Celtics Improve to 48-15
1981-82 Boston Celtics
The 11th straight Celtics victory yesterday at the Garden followed the pattern of most recent wins. When the game was on the line, Robert Parish was unstoppable, Larry Bird was unfathomable and the team defense was impenetrable. But there was a different twist for a national television audience and the 15,320 who comprised the Celtics 58th consecutive sellout. The defending NBA champions played half a game that, in fact, was enough to let them coast home, 105-92.
The Celtics failed to score the first seven times they had the ball and trailed, 8-0, before Gerry Henderson rolled in a layup 4:03 into the game. Except for a 34-33 lead at 5:07 of the second quarter, the Celtics trailed throughout the first half, staggering to a 45-41 deficit at halftime. Bird, playing the role of the sixth man, entered the game nine minutes into the first period but meandered through the final 15 minutes with just two shots and one basket.
"I don't know whether both teams were playing poorly in the first half," Celtic coach Bill Fitch said. "No one could put the ball in the hole. Everything was hitting the rim. But I think both teams were playing good defense." Maybe, the crowd was uncharacteristically quiet in the first half as only Parish and Henderson with 17 and 11 points, respectively, contributed on offense.
But the Celtics delivered the message quickly in the third quarter, scoring a cluster of three closeup baskets within 52 seconds, two by Parish and another by Cedric Maxwell. A Henderson 14-footer and a Parish hook on the next two possessions gave Boston a 51-49 lead. Bird finally erupted at the seven-minute mark with the score tied at 59. He hit three quick shots, made a beautiful pass for a Parish stuff, then drove the middle for a layup and came back for a 20-footer. Boston led 71-65 and Suns coach John MacLeod called called a timeout.
A three-pointer by M. L. Carr gave Boston its biggest lead, 74-67, after three quarters; a Bird 20-footer soon made the spread nine and Parish's 10- footer boosted it to 11 with nine minutes to play. When Danny Ainge hit a three-pointer to make it 95-83 with 4:47 left, it was over for the Suns.
The biggest non-box score factor for Boston was the defense grip Carr placed on Dennis Johnson, who was one for 13 until the game's final 30 seconds. Meanwhile, Carr scored 15 points (7 of 13 from the floor) and grabbed five rebounds.
"He looked so comfortable," MacLeod said of Carr. Ainge occasionally replaced Carr at off-guard and played 13 minutes as Henderson's replacement at point guard. He was impressive in his ballhandling and defensive work while limiting himself to three shots, hitting on two of them. "I told Danny that if he wanted to get in his minutes he was going to have to earn them on defense," Fitch said. "He's been doing that and I think we can begin to accentuate the positive now, working on his offense and shooting. Remember, he's just a baby in this league."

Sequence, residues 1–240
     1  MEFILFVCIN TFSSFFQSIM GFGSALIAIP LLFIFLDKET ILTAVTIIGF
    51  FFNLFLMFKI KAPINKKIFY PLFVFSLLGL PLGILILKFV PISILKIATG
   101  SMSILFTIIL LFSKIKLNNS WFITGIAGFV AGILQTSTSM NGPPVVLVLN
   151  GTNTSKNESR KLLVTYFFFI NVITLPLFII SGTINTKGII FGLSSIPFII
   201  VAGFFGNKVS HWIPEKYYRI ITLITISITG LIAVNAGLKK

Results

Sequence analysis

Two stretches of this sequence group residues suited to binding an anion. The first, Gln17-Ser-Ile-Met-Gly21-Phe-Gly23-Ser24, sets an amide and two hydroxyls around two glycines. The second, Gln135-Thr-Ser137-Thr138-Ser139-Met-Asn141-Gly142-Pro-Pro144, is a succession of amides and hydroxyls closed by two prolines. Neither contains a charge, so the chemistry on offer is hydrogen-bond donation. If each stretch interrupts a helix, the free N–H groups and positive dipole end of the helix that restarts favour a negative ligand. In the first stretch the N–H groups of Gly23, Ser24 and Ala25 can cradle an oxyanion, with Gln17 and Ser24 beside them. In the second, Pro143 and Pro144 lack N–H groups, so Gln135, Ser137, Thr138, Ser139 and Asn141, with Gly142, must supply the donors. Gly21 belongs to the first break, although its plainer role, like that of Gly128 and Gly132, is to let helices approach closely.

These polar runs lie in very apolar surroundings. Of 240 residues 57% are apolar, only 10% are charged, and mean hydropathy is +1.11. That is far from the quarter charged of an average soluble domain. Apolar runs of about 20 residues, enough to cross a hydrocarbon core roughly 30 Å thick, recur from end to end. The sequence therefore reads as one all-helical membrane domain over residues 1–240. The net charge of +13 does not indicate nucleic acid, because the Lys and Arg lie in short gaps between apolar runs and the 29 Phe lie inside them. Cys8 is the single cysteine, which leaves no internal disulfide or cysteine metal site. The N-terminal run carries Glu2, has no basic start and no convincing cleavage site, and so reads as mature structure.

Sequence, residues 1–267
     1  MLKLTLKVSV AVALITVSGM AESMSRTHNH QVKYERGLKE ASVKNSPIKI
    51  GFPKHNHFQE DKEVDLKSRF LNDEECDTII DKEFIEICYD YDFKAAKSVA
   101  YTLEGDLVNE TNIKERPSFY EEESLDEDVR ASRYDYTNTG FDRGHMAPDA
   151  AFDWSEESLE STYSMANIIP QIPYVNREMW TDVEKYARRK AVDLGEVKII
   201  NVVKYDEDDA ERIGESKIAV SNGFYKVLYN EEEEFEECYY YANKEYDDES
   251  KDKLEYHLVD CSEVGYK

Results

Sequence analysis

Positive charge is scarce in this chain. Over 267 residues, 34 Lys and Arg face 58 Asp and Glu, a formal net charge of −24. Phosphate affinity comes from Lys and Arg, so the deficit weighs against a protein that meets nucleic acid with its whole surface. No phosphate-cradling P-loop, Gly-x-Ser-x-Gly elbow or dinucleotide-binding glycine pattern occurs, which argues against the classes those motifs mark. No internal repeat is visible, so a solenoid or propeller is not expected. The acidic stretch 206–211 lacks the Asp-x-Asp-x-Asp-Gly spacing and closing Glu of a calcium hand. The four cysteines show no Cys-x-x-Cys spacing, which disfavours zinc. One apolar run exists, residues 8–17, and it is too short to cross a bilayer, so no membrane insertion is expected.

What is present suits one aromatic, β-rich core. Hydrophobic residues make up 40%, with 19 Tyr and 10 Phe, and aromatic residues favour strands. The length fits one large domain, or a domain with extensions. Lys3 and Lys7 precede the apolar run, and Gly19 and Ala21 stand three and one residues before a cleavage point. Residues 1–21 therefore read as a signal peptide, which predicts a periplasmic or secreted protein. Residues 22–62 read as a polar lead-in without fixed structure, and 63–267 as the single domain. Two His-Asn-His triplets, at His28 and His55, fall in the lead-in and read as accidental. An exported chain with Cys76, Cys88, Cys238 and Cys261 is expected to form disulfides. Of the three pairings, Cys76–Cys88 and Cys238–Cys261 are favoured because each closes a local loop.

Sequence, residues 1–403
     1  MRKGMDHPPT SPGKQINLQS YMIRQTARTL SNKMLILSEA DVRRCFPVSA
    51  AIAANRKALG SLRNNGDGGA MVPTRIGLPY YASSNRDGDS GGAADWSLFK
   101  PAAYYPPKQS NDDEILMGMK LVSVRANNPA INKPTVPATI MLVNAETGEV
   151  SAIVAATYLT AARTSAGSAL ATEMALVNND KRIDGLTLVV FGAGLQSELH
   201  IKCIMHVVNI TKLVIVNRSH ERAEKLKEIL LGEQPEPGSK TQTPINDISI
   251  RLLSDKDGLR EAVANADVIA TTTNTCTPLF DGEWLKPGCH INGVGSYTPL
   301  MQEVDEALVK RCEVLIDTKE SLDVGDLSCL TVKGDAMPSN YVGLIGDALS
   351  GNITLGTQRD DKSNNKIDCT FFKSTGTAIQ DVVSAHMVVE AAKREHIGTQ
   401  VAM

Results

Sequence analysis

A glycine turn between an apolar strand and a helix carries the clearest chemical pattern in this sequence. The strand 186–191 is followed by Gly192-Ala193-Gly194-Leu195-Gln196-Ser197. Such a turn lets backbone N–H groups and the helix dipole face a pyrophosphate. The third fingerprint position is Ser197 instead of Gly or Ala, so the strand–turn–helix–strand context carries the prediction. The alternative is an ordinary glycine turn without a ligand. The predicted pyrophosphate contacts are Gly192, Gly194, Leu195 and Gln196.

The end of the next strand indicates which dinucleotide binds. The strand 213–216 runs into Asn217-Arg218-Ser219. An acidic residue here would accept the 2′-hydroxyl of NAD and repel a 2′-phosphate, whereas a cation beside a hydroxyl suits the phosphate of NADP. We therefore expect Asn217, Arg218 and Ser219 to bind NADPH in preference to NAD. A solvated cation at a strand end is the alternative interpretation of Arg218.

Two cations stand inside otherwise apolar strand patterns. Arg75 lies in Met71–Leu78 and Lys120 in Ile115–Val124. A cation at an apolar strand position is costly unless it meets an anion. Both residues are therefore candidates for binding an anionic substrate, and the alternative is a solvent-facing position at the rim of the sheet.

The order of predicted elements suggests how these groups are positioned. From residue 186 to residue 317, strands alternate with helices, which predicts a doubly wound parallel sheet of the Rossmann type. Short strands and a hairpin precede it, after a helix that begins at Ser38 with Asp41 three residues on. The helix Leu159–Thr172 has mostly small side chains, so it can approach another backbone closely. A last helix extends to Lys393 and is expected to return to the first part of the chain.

The emergence of Carr and development of Ainge increases curiosity on division of playing time among the guards. Tiny Archibald played seven unnoticed minutes in the first half and didn't appear in the second half until 2:08 was left and Boston leading, 97-85. Archibald fed Kevin McHale for a basket and the next time down court Carr put in a high banker to put the game out of sight. Exit Archibald.
"Tiny is still getting back in shape. I put him in near the end and he helped us get two quick baskets," Fitch said, emphasizing the importance of the substitution lest anyone draw certain inferences from the rising prominence of the Carr-Henderson-Ainge trio at guard. On the same theme, Chris Ford played only the final minute and Charles Bradley played a minute at forward.
Boston's versatility was reflected in only nine points by Maxwell in 33 minutes and eight by McHale in 30 minutes of play.
They took only 16 shots between them as the Suns strove, as do all opponents these days, to shut down the Celtics' inside game. But Parish almost toyed with Sun centers Rich Kelley and Alvin Adams, hitting 15 for 27 en route to 33 points, and Bird hit nine of 13, including seven of eight from the outside. "We couldn't do much with Larry," MacLeod sighed. "It's funny, but when we were going bad no matter who you put in there, he would play as badly as the guy he replaced. Now when we are going so well, whomever we put in does as well as the man he replaces."